Going Green Is Top Trend In Digital, Says Huawei
It is the overwhelming trend for digital technologies to go green, senior executives of Huawei said at the recently held Mobile World Congress (MWC) – the world’s top information and telecommunications technology exhibition.
“We have been innovating to stay ahead,” said Daisy Zhu, a senior executive of Huawei’s wireless technologies product line. “And the obvious trend is for the solutions to become more and more energy-efficient, in addition to being cost-effective.”
Huawei was one of the leading exhibitors at the Mobile World Congress, taking up the large part of a hall at the MWC, which was held in Barcelona, Spain, to show its products and solutions in the carrier business and the enterprise business and its smart devices.
The company, known for its leadership as a digital infrastructure partner has had a principle of investing at least 10 percent of its revenue in research and development since its founding in 1987. The figure has been above 15 percent in recent years, making it one of the world’s top corporate investors in research and development.
Zhu said the company has been trying to stay ahead of the curve by continuing to invest in technologies such as 5G and artificial intelligence so that it can differentiate its products and solutions with additional appealing features.
The products and solutions which were on display from the company included multiple-input multiple-out antennas that use new materials to make them lighter and more energy efficient. More solutions catering to different scenarios such as indoor spaces and offices are also on offer to allow more flexible and user-friendly deployment.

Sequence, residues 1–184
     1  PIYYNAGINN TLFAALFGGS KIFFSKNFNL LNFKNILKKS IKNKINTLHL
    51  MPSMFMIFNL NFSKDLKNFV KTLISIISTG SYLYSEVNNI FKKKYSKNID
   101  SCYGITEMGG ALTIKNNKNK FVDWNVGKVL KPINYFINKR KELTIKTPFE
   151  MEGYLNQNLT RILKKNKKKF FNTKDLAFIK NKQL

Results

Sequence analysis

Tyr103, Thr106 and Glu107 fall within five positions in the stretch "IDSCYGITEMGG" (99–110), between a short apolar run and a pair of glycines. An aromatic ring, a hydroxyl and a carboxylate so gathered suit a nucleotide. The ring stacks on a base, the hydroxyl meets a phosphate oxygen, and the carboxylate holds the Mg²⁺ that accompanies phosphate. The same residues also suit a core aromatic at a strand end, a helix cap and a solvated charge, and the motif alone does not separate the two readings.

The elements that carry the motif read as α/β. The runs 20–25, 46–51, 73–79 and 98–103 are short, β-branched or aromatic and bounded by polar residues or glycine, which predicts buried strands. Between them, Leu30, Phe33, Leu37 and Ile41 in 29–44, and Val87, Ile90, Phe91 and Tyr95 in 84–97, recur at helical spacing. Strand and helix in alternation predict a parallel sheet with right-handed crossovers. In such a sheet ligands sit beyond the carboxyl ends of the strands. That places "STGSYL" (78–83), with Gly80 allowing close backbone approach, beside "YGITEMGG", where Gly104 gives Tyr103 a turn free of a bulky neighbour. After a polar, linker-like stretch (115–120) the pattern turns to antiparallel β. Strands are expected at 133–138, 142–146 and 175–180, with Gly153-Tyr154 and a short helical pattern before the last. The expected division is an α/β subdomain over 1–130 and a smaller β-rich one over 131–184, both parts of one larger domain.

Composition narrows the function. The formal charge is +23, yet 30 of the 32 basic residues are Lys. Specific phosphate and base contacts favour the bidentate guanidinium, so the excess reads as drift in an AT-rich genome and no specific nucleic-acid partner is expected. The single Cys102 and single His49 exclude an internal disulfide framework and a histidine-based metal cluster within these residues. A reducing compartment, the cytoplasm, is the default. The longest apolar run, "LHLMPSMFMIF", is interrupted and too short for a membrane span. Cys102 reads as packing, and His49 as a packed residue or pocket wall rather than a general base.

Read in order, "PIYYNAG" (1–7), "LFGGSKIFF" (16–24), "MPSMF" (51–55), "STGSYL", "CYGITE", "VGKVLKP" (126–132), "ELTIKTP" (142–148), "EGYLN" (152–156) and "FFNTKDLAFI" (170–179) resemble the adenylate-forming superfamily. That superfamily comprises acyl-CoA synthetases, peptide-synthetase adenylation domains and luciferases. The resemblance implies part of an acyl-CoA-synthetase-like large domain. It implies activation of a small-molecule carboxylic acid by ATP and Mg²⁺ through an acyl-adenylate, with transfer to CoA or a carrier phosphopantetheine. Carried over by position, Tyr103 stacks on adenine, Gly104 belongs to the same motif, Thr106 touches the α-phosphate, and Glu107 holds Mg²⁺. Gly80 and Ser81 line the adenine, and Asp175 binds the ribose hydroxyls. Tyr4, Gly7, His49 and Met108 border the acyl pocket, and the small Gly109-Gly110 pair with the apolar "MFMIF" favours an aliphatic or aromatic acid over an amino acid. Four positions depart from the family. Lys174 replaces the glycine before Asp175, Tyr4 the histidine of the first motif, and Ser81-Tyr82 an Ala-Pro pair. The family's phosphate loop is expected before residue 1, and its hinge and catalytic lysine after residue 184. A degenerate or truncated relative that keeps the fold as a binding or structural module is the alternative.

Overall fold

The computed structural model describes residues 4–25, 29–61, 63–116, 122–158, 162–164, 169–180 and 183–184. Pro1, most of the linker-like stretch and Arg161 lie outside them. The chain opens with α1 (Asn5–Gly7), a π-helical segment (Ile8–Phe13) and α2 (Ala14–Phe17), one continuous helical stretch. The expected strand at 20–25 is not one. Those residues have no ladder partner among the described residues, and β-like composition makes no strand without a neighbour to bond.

Zhu said the company has stepped up its investment in research in materials, science and technologies, such as ceramics, in its telecom equipment to reduce the energy consumption, which thereby reduces costs for its carrier customers.
The company showcased its more energy-efficient featured products, like signal direct injection feeding (SDIF) technologies that effectively replaced all the cables inside the antenna box with new materials.
“The whole world is increasingly aware of the importance of going green and carbon reduction, as carbon neutrality is now a target for most countries,” said Zhu.
“The leading SDIF technology minimizes feed loss to improve energy efficiency by 10 percent to 15 percent. This means that antennas can provide a better network coverage with the same level of transmit power or use a lower transmit power to achieve the same level of coverage,” Zhu explained.
It is estimated that the global data traffic is still expected to increase fast to 1 yottabyte, defined as 1 trillion gigabyte, about equivalent to data on the global Internet.